Highlighting once again the importance of the jurisdictional forum of divorce proceedings, the courts have recently considered the matter of Mr and Mrs Thum and their jurisdictional dispute.
Catja Thum, won the race to lodge her divorce petition in England, before her financier husband, Oliver Thum, did the same in Germany, after she found out that Mr Thum had taken his mistress to his office party and taken her to Rome for her 40th birthday.
The wife had issued her divorce petition in England on 26 October 2015, while the husband had issued his petition in Germany on 20 January 2016. However, Mr Thum was not served with the English petition until 27 February 2016, i.e. just over four months after the date of issue of Mrs Thum’s petition.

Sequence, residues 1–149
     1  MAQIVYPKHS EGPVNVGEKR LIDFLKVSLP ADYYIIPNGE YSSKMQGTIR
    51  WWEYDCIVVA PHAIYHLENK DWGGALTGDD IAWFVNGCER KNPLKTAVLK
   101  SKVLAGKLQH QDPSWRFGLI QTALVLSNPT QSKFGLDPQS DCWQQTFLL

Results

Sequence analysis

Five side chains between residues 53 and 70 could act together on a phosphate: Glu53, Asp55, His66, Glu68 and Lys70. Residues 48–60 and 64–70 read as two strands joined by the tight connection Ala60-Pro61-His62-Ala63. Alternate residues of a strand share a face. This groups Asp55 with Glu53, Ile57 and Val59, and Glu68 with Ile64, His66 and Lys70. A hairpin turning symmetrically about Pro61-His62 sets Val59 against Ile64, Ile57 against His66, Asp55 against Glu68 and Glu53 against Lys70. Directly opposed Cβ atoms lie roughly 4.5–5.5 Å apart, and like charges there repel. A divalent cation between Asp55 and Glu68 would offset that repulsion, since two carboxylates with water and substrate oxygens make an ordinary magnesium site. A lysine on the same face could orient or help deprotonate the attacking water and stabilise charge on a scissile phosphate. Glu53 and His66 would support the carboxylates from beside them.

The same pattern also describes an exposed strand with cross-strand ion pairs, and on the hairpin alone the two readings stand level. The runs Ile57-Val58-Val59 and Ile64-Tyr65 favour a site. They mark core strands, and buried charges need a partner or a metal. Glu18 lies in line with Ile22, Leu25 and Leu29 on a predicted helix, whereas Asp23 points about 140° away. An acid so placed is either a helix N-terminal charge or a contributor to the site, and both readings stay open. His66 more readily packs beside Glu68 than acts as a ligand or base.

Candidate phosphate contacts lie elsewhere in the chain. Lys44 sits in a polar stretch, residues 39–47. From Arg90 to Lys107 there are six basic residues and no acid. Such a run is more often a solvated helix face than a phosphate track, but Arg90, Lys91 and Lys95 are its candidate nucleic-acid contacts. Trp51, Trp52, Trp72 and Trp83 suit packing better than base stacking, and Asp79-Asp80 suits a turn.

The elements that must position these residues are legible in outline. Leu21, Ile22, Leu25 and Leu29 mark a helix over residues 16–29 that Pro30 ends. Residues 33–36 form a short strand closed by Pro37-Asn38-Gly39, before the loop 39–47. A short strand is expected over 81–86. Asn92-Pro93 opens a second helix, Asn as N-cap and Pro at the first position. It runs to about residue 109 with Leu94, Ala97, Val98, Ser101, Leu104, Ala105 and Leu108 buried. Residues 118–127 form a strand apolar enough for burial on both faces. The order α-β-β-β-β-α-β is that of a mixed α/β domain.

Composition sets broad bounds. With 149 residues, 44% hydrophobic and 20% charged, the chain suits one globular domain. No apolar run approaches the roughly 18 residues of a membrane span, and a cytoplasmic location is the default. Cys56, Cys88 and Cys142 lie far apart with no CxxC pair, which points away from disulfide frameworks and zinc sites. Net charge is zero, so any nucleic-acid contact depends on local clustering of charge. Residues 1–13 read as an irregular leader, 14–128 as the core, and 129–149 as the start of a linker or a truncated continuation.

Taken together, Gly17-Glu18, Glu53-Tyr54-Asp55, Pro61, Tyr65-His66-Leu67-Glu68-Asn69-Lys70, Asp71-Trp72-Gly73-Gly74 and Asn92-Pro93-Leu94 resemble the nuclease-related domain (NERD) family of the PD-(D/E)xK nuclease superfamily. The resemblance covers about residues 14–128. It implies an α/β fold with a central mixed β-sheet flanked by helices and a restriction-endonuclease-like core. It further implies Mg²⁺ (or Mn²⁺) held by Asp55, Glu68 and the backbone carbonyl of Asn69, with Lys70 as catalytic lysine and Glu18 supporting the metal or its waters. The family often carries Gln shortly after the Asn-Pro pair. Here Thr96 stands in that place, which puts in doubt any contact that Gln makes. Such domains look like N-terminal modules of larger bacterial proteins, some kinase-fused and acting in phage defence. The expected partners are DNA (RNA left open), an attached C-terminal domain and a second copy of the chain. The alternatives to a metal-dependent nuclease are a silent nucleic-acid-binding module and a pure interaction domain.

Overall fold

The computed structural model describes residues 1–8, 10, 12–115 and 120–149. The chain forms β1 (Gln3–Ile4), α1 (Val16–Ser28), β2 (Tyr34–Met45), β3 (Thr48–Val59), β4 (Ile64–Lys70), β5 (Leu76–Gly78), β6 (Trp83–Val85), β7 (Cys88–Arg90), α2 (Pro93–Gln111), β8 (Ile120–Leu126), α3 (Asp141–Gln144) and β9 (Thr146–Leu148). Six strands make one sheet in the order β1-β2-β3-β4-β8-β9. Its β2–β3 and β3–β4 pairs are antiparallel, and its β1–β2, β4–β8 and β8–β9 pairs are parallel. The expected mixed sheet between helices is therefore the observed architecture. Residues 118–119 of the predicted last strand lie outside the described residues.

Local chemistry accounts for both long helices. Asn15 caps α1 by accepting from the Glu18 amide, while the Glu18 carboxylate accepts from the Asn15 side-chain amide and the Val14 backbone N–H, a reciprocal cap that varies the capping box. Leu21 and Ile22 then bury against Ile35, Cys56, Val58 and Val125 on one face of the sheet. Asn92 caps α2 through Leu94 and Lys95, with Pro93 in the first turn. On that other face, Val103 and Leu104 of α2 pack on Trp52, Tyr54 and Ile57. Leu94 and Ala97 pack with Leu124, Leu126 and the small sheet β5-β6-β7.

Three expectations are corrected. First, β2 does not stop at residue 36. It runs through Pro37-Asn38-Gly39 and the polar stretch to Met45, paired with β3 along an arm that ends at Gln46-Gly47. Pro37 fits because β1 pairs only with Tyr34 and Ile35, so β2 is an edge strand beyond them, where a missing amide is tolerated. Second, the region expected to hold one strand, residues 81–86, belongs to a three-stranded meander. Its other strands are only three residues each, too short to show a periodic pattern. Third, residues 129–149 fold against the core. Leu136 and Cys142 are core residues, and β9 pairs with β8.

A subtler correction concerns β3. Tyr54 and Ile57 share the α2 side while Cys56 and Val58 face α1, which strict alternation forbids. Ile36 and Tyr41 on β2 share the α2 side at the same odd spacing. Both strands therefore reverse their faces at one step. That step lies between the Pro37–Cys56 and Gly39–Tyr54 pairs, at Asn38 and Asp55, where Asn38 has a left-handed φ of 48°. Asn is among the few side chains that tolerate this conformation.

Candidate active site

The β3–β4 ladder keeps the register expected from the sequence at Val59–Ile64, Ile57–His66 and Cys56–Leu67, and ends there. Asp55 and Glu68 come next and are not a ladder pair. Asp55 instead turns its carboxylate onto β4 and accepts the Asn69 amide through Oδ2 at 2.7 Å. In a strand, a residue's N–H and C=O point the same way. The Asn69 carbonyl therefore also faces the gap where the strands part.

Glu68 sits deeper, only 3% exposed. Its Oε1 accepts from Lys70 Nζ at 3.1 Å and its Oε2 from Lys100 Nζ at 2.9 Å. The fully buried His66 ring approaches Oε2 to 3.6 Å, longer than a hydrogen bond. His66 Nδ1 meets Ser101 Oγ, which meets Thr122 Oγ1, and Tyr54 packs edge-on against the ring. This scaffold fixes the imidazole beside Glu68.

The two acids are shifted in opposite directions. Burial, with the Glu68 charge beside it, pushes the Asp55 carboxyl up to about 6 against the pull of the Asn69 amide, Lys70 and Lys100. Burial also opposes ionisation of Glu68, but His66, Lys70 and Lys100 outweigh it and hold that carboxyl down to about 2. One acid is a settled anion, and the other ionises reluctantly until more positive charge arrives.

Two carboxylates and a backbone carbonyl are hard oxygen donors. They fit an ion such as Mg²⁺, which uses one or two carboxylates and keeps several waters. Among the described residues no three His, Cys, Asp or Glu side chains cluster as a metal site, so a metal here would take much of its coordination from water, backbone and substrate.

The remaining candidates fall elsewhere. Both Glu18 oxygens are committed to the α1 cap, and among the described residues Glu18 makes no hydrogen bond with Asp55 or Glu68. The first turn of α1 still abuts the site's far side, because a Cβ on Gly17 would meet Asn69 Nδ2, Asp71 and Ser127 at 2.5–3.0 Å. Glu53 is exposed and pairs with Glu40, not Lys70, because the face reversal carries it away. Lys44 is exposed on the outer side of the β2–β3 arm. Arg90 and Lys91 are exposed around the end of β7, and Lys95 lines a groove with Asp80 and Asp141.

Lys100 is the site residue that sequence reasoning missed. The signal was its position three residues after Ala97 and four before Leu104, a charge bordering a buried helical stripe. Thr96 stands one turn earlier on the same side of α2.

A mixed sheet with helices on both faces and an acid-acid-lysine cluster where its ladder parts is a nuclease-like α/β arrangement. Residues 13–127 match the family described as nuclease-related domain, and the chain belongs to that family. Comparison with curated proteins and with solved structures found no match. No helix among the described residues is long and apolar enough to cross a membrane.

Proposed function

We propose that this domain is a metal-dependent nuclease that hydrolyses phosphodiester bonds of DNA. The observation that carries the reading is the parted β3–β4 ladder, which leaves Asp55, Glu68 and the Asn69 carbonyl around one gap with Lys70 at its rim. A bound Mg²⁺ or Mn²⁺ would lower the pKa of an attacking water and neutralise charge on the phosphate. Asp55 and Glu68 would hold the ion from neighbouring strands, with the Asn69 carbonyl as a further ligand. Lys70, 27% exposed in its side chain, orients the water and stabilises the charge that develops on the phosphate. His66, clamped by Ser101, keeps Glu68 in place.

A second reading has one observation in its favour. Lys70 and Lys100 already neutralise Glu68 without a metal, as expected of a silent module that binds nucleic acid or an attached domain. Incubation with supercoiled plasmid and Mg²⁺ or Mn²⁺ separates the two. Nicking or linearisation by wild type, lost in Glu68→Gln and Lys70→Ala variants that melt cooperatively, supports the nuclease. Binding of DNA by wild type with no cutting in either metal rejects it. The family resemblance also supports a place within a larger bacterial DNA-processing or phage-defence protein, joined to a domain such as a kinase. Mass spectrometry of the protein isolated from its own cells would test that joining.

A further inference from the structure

in the dispute, Mr Thum sought to rely on his wife’s delay in effecting service and argued that service had been ineffective as he had been served at his business address in Germany at first, rather than his home address. The husband sought that a time limit be implied into FPR Rule 7.8, namely that service be effected “as soon as possible” or “as soon as practicable”.
However, the Court of Appeal was persuaded that in this dispute the wife had not failed to take any required step for effective service, nor could a time-limit for service be read into FPR Rule 7.8, as this was outside their powers and an issue for the Rule Committee to content with, if it felt necessary. Handing victory to Mrs Thum, Lord Justice Moylan ruled that, as she issued proceedings first, the English divorce petition was “first in time” and took precedence over Mr Thum’s attempt to shift the case to Germany and thus, the divorce would go ahead in England.
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